Friday, February 25, 2011

How to Flirt with a Naked Werewolf

“You bit me! . . . Again!”
“It’s a good thing. It means you’re mine. The scar is a public declaration. It means you’re my mate. It means no other wolf can claim you.  It means you’re under my protection and the protection of my pack. . . . It’s no different than me peeing on your door step.”
 “You peed on my door step!?”

  • How to Flirt with a Naked Werewolf  (February 22, 2011) – 4 out of 5
  • The Art of Seducing a Naked Werewolf  (March 29, 2011)

Author:  Molly Harper
Narrator:   Amanda Roncini - 3 out of 5

A native of Mississippi who grew up under the oppressive home-schooled, granola-eating tyranny of two uber-hippie parents, soon-to-30-year-old Mo experiences a late quarter-life crisis and runs away to Grundy, Alaska, to discover herself.  She discovers herself stuck in the middle of a frozen winter wilderness, surrounded by starving werewolves.  Good thing Mo can cook!  In this romantic pseudo-mystery comedy, Mo and Cooper, Mo’s sexy yet surly self-exiled werewolf neighbor, fall in love and make peace with their respective families.

“What do you want from me, Maggie?  My advice? My Absolution?  Go forth, and be a bitch no more.”

Preternaturally Funny:
What sets Molly Harper’s writing apart from the typical urban fantasy/paranormal romance novel is her uniquely comedic voice. If you’re familiar with her Jane Jameson series, this will come as no surprise.  If you’re not, don’t drink anything while listening to this audiobook. Consider yourself warned.  Naked Werewolf relies mostly on hyperbole and absurd juxtaposition.  Mo’s parents aren’t just aging hippies – they own an organic vegan farm.  Mo’s mom refused to go to her college graduation because it would be giving into the man.  Mo’s mom once walked in on Mo and a guy getting it on, and instead of walking out, she started lecturing the couple on the positives of tantric sex.  Mo’s mom isn’t just overbearing, she calls Mo up at 3 a.m. every year on Mo’s birthday to re-tell the story of her water birth in graphic detail.  Something Mo’s college roommates really appreciated.

The comedy makes Naked Werewolf narrator-driven as opposed to plot-driven or even character-driven. In other words, it’s a bit slow on the action and heavy on the reminiscing.  Considered a cardinal sin for popular novel writing, Naked Werewolf starts out by giving the listener a full biography of Mo, from her birth, to her high school years, to why she’s in Alaska. Another cardinal rule broken, Molly Harper gives us at least a dozen similar characters for the usual residents of Grundy in the first few chapters.  I re-listened to that first hour of the audiobook before continuing on. Why?  Because it was just that funny.  I wasn’t lost, I wasn't confused. I just wanted to hear again about the guy who looks like Yosemite Sam, the guy who looks like Blue, and the waitress who looks like the girl next door “if you live next door to a cathouse.” I wanted to hear again about how Mo clawed her way to public school.  It’s like listening to Bill Maher’s Decider, lines from the audiobook kept popping into my head all day.  I wanted to hear it again badly enough to start over from the beginning.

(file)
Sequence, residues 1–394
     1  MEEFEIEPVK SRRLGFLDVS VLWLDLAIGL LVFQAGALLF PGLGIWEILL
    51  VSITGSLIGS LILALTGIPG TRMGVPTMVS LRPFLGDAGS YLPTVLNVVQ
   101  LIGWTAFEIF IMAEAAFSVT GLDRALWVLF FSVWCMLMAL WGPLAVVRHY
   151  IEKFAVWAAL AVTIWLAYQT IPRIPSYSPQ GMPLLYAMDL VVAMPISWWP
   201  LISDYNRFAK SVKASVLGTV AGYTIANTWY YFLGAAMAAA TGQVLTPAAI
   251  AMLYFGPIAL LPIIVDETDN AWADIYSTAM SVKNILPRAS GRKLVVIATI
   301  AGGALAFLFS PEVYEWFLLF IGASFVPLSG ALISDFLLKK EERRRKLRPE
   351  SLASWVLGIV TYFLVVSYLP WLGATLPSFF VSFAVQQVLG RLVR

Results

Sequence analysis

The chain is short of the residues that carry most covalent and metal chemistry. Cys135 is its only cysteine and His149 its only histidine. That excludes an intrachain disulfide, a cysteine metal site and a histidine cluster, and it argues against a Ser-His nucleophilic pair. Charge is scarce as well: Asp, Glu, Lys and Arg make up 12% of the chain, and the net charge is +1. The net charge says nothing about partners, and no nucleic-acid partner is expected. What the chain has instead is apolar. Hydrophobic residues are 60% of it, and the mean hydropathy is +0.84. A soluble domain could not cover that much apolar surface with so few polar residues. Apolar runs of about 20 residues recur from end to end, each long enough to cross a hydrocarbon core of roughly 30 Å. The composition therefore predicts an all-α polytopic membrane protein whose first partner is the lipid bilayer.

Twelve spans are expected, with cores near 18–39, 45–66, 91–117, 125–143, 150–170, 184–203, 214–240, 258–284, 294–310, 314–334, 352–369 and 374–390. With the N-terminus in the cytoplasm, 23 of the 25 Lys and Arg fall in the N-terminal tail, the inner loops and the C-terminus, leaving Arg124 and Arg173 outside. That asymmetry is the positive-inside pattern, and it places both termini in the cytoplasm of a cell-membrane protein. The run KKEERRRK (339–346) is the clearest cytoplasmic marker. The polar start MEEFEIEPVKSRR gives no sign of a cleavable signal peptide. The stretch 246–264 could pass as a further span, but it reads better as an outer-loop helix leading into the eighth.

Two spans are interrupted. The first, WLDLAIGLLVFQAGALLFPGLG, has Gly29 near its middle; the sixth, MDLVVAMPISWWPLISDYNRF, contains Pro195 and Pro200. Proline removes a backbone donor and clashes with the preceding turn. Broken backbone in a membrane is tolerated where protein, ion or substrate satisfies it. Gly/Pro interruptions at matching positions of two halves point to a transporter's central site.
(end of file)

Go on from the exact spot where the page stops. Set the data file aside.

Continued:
If you’re an avid listener in the genre, you’re used to audiobooks that start out with a bang, hook you in the action, keep you guessing, and take all-together a very short amount of time.  Not so with Naked Werewolf.  If you read the blurb summary from audible or amazon, you’ll know the foreshadowed pivotal event is Mo “find[ing] a naked guy with a bear trap clamped to his ankle on [her] porch.”  That scene comes 3 hours into the 9 hour book (about a 1/3 of the way, for those of you who can’t do fractions).  Also, the time line is different. An average Kim Harrison’s Rachel Morgan novel is a week long.  With Charlaine Harris’s Southern Vampire Mystery Series, by book seven, Sookie and Bill have known each other for only about three months. Naked Werewolf spans over a full, entire year.  It doesn’t take away from the action because, frankly, there’s not a lot of action.

"You know how some people just rub you the wrong way? 
Well. Cooper's my own personal sandpaper."

“Don’t take it personally . . .  Some people were just born with a pinecone shoved up their butts.  In Cooper's case, it's lodged sideways."

Other Comments:
As someone who loved the Jane Jameson series (and happens to be thrilled the 4th book is in the works!), I was pleasantly surprised by the leading male in Naked Werewolf.  For those of you who listened to Nice Girls Don’t Have Fangs, let’s be honest, Gabriel is not exactly a complex character.  When you close your eyes and someone says “master vampire love interest in romance novel” you picture Gabriel. That didn’t bother me much because, as mentioned above, narrator-driven novel, I’m just here for the chuckles.  However, with Cooper, Molly Harper added a much more dynamic character. Perhaps he goes from being a jerk to being a romantic lead in the blink of an eye, but there’s a certain complexity to his character, his past, and the way he interacts with his surroundings.

On Narration:
All of Molly Harper’s audiobooks, including this one, are narrated by Amanda Roncini.  Her voice is perfect for the part.  It’s light, slightly scratchy, not particularly accented – faintly tinted with something vaguely Southern.  Amanda Roncini does a great snarky voice for a snarky Mo, and she’s able to pull off the punch lines just right.

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